India-Pakistan: step toward peace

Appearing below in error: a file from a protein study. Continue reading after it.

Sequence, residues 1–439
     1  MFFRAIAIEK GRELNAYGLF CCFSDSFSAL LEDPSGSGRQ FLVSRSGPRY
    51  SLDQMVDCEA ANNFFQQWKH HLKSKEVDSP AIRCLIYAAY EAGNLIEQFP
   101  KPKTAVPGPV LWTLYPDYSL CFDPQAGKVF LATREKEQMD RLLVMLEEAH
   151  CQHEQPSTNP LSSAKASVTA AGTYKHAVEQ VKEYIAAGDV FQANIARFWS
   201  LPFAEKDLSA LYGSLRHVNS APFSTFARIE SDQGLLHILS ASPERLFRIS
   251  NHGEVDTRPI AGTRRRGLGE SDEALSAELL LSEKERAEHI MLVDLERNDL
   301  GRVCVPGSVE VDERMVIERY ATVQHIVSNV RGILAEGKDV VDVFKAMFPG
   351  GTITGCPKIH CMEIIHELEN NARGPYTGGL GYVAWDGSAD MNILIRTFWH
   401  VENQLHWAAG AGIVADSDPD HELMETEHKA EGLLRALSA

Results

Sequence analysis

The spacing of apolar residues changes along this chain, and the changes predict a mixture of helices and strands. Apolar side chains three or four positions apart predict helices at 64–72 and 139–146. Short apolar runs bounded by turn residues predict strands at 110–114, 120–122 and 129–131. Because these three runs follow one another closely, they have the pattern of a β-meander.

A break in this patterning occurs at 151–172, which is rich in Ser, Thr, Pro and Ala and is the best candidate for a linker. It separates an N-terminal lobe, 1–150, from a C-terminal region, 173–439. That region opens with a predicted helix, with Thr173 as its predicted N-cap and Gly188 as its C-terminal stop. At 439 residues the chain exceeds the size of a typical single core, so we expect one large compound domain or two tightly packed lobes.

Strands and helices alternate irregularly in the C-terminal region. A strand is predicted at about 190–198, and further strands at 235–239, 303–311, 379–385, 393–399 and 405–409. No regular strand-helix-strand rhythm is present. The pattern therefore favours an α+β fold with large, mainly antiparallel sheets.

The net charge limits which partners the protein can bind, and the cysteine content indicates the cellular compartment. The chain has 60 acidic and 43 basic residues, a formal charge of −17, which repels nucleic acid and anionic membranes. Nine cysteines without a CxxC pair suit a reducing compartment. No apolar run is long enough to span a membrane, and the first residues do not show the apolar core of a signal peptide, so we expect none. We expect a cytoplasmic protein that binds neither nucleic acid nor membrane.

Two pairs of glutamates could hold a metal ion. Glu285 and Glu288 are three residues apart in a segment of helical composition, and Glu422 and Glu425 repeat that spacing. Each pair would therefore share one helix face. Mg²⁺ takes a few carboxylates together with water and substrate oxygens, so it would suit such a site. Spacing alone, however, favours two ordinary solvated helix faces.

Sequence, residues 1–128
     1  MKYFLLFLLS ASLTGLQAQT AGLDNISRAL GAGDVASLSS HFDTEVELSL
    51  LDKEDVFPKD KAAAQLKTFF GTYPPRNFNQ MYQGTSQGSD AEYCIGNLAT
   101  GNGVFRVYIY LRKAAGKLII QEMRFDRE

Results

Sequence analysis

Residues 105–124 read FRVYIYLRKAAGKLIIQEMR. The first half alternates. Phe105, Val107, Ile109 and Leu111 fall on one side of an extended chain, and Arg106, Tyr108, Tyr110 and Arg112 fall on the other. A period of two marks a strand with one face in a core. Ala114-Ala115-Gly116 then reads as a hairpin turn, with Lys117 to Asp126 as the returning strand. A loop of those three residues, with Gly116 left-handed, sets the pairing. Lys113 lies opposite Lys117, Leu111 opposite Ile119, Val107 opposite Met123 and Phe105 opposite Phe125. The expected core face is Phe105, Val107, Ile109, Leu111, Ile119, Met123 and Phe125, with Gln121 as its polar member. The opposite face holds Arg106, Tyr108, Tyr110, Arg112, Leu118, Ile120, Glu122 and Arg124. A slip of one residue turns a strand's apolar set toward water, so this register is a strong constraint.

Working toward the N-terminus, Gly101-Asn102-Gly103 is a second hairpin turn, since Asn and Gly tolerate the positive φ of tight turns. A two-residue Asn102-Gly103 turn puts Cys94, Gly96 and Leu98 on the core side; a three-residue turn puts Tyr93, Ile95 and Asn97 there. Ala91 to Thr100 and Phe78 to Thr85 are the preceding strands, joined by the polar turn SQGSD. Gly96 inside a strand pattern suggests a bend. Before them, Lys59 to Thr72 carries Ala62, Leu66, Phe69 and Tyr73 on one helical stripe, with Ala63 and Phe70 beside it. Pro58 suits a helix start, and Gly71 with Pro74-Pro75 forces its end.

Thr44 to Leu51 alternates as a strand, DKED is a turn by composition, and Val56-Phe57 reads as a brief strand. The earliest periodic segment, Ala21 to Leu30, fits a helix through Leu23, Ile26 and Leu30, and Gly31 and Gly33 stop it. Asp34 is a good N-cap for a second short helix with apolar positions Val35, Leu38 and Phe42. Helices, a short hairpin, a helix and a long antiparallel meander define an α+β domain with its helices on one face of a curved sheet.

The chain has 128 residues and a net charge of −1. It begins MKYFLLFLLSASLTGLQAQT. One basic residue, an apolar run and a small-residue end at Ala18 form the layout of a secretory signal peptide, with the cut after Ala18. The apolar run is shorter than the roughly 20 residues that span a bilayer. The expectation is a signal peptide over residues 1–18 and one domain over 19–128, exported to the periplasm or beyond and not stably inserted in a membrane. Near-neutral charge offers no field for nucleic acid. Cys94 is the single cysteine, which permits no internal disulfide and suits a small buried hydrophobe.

Indian and Pakistani foreign ministers today begin two days of talks in New Delhi on divisive issues including Kashmir, as the South Asian neighbors seek to end five decades of hostility that has led to three wars. The meeting between Natwar Singh and his Pakistani counterpart Khurshid Kasuri is the first since India's Congress party-led alliance came to power in May. Prime Minister Manmohan Singh may meet Pakistan President Pervez Musharraf this month. The India-Pakistan conflict has thwarted trade and diverted spending to armaments, hindering efforts to spur economic growth in a region that is home to half the world's poor. The nuclear- armed rivals came close to a fourth war in 2002 after India accused Pakistan of backing a Kashmiri rebel attack on the Indian parliament in December 2001. ``The peace process has become irreversible,'' said Rashid Ahmad Khan, senior research fellow at the Islamabad Policy Research Institute in Islamabad. ``The meeting may not see a dramatic breakthrough, but it will take the peace process forward.'' India and Pakistan have fought three wars since they became independent nations in 1947, two of them over Kashmir, a Himalayan region divided between them and claimed in full by both. Pakistan denies it sponsors terrorism, saying it only provides moral support to what it calls a freedom struggle against Indian rule in Jammu and Kashmir. A 15-year insurgency in Jammu and Kashmir, India's only Muslim- majority state, has killed at least 50,000 people. The Indian government says Pakistan is failing to fulfill promises to shut terrorist training camps and stop rebels crossing into Indian Kashmir, informs Bloomberg. According to Daily Times, This August, both Pakistan and India celebrated 57 years of their independence. Fifty-seven years is a long period in which we have made impressive strides in nation building in our respective countries. Both our nations are responsible nuclear-weapon states and their nuclear capabilities, driven by their national imperatives, are a factor of stability. In the community of nations, our two countries have acquired recognition for our important roles. On the world stage, we have cooperated with each other to push social development, an equitable economic order, and fair trade regimes. As the foreign minister of Pakistan, I am glad to say that our country is recognised as a pivotal state in addressing regional and global issues. The founding fathers of our two countries — Quaid-i-Azam Mohammad Ali Jinnah and Liaqat Ali Khan and Pandit Jawahar Lal Nehru — started the odyssey for the solution of the Kashmir dispute. But the issue still remains unresolved. Nuclear rivals India and Pakistan agreed Saturday to widen their peace dialogue in talks that focused on eight festering issues, including the decades-old dispute over the Himalayan region of Kashmir. Indian Prime Minister Manmohan Singh reiterated India's commitment to peace with Pakistan. At his first news conference since his Congress party unexpectedly swept to power in May, he said the people of South Asia were "bound together by a shared destiny." The two foreign secretaries will recommend "further deepening and broadening the engagement between the two sides," the statement said. The talks cleared the way for a fresh dialogue between the neighboring countries' foreign ministers. India's External Affairs Minister Natwar Singh and Pakistani Foreign Minister Kasuri are to meet Sunday and Monday in New Delhi, reports ABCNEWS.

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